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. 2018 Aug 15;255:171-178.
doi: 10.1016/j.virusres.2018.07.018. Epub 2018 Jul 25.

Drug Repurposing of Quinine as Antiviral Against Dengue Virus Infection


Drug Repurposing of Quinine as Antiviral Against Dengue Virus Infection

Shilu Malakar et al. Virus Res. .


Dengue virus (DENV) disease outbreaks continue to develop across the globe with significant associated mortality and economic burden, yet no treatment has been approved to combat this virus. In an attempt to identify novel drug candidates as therapeutics for DENV infection, we evaluated four US Food and Drug Administration (FDA) approved drugs including aminolevullic acid, azelaic acid, mitoxantrone hydrochloride, and quinine sulfate, and tested their ability to inhibit DENV replication using focus-forming unit assay to quantify virus production. Of the four investigated compounds, quinine was found to have the most pronounced anti-DENV activity. Quinine inhibited DENV production of DENV by about 80% compared to untreated controls, while the other three drugs decreased virus production by only about 50%. Moreover, quinine inhibited DENV production of all four serotypes of DENV. Reduction in virus production was documented in three different cell lines of human origin. Quinine significantly inhibited DENV replication by reducing DENV RNA and viral protein synthesis in a dose-dependent manner. In addition, quinine ameliorated expression of genes related to innate immune response. These findings suggest the efficacy of quinine for stimulating antiviral genes to reduce DENV replication. The antiviral activity of quinine observed in this study may have applicability in the development of new drug therapies against DENV.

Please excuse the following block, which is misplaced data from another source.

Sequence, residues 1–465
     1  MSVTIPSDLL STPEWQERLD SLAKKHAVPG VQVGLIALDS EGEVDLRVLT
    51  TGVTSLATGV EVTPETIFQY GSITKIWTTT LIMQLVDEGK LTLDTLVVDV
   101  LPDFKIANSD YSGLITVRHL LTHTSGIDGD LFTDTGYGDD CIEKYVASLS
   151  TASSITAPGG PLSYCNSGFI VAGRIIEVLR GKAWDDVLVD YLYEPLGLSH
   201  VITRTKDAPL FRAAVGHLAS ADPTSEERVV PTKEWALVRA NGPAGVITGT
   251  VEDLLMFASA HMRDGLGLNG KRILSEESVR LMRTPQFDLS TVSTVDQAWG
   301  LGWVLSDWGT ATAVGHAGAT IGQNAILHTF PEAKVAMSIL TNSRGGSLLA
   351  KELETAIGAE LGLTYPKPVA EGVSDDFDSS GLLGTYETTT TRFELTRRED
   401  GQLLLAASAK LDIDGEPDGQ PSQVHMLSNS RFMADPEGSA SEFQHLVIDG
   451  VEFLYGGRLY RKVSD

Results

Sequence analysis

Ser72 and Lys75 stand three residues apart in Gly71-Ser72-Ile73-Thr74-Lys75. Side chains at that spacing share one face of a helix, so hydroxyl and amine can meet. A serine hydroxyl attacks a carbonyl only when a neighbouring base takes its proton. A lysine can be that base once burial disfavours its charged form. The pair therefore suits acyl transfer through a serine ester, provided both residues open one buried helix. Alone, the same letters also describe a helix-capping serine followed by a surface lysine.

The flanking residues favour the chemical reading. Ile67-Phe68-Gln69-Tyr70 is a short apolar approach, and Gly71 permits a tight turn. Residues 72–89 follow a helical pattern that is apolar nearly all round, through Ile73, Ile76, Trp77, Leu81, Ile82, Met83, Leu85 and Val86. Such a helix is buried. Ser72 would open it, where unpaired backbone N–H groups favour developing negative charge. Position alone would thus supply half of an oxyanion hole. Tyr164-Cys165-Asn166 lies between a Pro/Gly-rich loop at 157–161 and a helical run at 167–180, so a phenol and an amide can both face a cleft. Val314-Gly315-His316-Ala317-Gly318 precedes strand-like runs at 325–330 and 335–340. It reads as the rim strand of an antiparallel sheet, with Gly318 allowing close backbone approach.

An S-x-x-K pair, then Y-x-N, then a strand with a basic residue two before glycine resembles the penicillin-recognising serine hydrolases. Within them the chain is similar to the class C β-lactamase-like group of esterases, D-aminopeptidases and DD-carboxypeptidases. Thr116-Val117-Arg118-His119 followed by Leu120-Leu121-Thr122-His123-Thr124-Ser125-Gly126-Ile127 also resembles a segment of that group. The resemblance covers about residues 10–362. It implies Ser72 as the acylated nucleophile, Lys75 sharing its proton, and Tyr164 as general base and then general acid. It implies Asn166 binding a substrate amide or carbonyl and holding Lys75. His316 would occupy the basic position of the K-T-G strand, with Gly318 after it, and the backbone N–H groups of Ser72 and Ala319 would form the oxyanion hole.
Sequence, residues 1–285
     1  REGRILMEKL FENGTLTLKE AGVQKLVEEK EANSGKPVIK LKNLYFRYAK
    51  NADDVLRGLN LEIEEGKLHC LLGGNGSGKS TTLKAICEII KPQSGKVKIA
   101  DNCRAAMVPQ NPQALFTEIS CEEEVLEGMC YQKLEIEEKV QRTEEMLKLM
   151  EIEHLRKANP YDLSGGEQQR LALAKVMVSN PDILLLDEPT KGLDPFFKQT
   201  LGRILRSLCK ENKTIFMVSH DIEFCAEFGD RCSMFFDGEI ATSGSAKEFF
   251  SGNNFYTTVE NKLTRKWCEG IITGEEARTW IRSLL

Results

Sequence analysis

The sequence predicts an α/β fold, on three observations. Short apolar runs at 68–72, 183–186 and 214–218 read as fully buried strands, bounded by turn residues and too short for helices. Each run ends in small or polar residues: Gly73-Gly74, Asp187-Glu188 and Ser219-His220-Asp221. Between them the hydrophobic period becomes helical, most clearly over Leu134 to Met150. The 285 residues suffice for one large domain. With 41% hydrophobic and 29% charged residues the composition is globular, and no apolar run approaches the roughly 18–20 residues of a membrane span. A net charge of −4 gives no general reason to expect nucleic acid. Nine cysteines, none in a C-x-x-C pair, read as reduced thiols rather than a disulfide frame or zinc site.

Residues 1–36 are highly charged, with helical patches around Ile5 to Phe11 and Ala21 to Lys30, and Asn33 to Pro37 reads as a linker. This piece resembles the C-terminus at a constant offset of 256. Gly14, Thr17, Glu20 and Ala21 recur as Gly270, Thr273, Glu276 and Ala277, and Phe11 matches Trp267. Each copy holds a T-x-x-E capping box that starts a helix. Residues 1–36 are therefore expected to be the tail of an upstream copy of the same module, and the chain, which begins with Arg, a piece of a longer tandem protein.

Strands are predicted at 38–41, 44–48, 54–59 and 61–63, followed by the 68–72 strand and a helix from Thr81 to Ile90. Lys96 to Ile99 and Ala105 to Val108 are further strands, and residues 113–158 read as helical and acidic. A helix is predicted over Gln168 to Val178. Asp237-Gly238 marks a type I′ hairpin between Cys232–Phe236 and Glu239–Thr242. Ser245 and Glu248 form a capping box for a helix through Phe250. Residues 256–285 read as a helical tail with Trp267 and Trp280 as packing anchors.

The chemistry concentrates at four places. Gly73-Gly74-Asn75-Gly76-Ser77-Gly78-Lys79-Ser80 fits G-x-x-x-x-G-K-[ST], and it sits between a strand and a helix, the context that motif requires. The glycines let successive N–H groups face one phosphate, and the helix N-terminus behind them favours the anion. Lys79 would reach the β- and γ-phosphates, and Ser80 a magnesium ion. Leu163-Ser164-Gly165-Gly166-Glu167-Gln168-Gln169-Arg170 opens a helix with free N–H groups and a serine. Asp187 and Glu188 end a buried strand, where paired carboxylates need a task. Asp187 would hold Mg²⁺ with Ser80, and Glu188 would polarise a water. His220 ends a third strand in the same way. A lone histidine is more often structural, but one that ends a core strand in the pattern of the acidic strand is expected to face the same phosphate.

Keywords: Dengue virus; Innate immune response; Quinine sulfate; Replication.

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